Higher up the food chain, institutional opposition to a corporate pay rise or a controversial acquisition quietly fades away as a result of discreet behind-the-scenes lobbying so the story never makes it to the media in the first place. It does not work if people know someone has been got at. If the influence shows and the content appears too partial then the impact and credibility of the piece will be undermined.
In comms, the equivalent of Adam Smith’s ‘invisible hand’ should be the muffled whisper. This is self-evident and yet these days there is so much heavy-handed PR around. Only last week, the FT ran a feature about the fall-out from the decision by the regulator to demand an injection of money into the pension funds of the retail DIY group Focus Wicks.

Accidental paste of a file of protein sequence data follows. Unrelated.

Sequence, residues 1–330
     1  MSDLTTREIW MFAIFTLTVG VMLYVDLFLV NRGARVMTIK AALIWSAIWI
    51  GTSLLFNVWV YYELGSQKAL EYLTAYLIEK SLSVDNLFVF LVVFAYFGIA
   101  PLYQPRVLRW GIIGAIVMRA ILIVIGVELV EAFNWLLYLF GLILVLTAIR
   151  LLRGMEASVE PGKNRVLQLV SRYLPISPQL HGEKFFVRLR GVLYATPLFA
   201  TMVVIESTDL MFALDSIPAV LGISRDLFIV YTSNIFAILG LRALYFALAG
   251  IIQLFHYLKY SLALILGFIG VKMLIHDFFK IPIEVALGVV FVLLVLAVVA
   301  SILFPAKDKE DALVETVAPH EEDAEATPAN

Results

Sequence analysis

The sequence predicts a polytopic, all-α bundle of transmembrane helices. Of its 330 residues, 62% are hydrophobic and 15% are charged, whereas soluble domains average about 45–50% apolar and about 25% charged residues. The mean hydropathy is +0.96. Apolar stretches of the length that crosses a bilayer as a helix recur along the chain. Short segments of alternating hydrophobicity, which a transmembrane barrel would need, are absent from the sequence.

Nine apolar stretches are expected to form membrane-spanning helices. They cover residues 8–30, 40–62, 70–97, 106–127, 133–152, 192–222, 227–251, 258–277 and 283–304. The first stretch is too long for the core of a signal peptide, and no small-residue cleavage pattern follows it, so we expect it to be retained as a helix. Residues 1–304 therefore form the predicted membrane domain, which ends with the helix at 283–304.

The unusual point was that the demand was made of a private equity owner, Duke Street Capital, which sold the business almost a year ago.
The feature itself was admirably impartial but it looked very much as if the story was being pushed by the private equity industry.
We were reminded of how a few years ago the industry had warned that arbitrary or excessive use of the pension regulator’s powers could put the private equity industry right off doing deals because it could never be sure what liabilities it might be taking on.
If this retrospective raid was allowed without fuss, whom might the regulator ask to cough up next? Would anyone be safe?
On their own these are legitimate points but collectively it is too much. The private equity industry would better its image by acknowledging that this is a legitimate concern, rather than trying to undermine a regulator that is only acting within the powers granted to it by Parliament.
Anthony Hilton is City commentator on London’s Evening Standard